The month of May brings with it heavy rains, and these serve to water vast sedge flats. The tips of these grasses contain large amounts of protein, and bears flock to feed on them from May to July. But they have more than eating on their mind during that time frame.
May marks the beginning of the mating season for brown bears, while most black bears donâ€™t begin mating until June. Although the mating season extends for a handful of months, females are only able to become pregnant for about three weeks of that time period. Furthermore, they only consent to amorous activities during the first few days of the estrus cycle. For bears living fairly solitary lives, it can be tricky to find a mating partner at precisely the appropriate moment. Male grizzly bears have a home range of between 800 and 2,000 square miles, and sometimes they have to wander far across their home ranges to find a breeding partner. The same is sometimes true for female grizzlies, which have a home range of 300 to 550 square miles (black bears have a much smaller home range — up to 15 square miles for females and 40 for males).
In order to find their way to a female in estrus, males simply follow their noses. Bears have an acute sense of smell, equivalent to that of a dog. Males have been witnessed to walk 30 miles in a straight line, directly to a female in estrus, simply by following her scent.
Pronounced sexual dimorphism exists among bears, meaning that the males are much larger than the females. The largest bears have an advantage when it comes to mating because their size allows them to ward off competing males. However, it can also intimidate females and make them more difficult to woo. The act of courting an estrus female may take several days of simply shadowing her movements before she allows the male to come closer. Once they have established intimate behavior — grazing, playing and resting together — the female will permit her suitor to mount.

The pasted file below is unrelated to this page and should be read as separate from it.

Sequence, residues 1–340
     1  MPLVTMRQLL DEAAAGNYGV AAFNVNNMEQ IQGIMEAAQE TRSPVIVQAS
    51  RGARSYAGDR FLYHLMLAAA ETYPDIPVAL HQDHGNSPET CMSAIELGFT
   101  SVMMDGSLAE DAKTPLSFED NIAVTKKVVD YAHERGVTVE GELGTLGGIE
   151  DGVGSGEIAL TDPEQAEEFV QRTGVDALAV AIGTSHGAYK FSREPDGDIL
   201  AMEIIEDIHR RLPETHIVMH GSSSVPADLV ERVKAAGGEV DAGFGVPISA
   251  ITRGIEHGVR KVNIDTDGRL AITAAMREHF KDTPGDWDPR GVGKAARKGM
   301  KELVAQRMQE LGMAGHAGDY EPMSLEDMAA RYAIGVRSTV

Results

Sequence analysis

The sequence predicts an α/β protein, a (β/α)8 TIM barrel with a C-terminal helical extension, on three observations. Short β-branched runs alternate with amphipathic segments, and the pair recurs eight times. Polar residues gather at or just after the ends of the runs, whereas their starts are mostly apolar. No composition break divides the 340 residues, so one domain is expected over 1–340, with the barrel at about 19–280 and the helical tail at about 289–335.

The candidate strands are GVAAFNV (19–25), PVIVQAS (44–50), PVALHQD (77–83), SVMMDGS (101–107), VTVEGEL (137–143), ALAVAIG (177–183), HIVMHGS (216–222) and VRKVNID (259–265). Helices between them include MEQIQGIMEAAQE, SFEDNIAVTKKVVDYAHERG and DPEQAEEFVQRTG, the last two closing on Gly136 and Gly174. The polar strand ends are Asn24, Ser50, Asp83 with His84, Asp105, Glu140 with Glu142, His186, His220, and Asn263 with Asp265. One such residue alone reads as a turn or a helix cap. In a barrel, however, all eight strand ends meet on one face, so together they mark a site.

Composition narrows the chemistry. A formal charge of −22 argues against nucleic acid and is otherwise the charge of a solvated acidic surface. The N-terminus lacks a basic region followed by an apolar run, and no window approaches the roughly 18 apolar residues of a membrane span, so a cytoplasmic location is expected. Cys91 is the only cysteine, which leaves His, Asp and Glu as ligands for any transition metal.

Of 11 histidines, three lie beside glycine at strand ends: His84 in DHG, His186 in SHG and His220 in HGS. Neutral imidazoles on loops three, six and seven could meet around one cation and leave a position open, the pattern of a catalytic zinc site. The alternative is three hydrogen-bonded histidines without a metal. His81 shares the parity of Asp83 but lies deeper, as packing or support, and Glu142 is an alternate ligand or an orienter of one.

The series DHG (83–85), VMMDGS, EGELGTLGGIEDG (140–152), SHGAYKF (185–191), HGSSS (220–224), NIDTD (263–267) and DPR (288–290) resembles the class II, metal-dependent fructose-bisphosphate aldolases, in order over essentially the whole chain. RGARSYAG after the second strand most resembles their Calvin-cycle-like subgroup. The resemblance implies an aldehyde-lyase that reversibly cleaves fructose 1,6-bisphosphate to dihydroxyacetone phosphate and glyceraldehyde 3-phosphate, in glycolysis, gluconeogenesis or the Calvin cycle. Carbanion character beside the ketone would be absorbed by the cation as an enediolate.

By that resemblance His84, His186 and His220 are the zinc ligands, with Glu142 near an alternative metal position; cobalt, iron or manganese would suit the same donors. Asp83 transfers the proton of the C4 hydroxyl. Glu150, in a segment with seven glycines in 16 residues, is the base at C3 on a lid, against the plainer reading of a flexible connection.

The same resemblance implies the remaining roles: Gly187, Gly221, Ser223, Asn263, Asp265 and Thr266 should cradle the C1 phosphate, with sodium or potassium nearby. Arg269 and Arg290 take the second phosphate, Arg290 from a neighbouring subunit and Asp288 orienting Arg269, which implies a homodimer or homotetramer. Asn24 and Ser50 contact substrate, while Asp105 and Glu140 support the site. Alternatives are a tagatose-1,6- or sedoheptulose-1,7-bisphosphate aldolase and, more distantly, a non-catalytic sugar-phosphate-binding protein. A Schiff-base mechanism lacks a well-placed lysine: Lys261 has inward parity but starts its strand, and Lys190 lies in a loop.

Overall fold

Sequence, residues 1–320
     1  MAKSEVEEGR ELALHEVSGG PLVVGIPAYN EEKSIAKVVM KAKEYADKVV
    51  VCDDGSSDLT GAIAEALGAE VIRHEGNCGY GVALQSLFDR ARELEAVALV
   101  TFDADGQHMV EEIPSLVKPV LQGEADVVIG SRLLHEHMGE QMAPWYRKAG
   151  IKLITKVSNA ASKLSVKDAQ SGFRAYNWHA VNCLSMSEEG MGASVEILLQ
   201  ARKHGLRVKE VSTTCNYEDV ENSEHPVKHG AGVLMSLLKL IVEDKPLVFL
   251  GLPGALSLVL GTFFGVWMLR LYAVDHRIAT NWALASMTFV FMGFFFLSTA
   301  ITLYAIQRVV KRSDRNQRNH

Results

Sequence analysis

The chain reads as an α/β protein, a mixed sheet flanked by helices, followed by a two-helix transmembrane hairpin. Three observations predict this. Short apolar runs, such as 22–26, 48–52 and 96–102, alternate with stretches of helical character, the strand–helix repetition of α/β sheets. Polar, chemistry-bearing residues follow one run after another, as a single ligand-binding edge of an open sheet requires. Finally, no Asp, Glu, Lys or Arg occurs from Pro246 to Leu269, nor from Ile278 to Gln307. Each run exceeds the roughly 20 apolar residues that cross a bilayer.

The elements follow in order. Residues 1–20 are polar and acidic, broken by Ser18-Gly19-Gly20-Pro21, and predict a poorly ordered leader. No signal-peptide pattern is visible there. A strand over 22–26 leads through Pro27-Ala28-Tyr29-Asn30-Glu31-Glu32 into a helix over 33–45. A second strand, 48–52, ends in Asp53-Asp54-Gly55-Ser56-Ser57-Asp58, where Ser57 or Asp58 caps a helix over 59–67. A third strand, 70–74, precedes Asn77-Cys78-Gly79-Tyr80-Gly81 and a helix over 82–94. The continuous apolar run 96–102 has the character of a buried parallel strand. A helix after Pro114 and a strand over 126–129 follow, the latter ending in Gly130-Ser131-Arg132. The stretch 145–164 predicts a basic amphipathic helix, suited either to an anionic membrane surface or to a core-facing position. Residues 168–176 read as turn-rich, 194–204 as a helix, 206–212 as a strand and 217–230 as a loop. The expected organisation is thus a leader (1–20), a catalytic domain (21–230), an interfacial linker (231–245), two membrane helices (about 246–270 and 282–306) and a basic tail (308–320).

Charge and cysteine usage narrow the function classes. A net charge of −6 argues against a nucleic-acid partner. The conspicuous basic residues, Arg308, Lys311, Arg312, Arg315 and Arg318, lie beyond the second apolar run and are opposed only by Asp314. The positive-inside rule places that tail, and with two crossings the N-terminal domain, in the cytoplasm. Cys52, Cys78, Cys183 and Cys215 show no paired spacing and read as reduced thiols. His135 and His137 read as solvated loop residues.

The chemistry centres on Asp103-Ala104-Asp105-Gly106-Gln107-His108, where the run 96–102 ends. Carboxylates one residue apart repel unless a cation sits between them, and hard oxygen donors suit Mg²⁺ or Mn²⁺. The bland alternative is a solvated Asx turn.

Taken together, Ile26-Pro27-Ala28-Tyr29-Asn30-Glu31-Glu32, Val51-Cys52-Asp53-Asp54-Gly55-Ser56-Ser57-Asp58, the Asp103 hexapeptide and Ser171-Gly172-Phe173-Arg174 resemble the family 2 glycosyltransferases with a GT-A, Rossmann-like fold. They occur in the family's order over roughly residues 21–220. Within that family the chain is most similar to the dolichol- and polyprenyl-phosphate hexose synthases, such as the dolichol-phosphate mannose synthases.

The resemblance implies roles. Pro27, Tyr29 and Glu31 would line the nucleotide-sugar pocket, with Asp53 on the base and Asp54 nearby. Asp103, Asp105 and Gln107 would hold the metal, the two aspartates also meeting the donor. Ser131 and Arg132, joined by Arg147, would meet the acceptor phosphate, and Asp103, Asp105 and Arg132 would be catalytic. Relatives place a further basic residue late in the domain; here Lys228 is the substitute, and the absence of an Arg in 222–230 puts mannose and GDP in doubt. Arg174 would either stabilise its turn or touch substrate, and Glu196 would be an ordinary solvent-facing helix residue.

Competition among male suitors can become fierce, and it can result in serious injuries — lacerations, broken jaws and broken canine teeth, to name a few. But, although males sometimes fight viciously over females, this does not mean that females copulate with only one male during the mating season. On the contrary, each cub in a litter can potentially have a different father. Of course, the fathers' involvement lasts only as long as the courting process. Once the animals go their separate ways, male bears have played out the entirety of their role in their offspring's lives.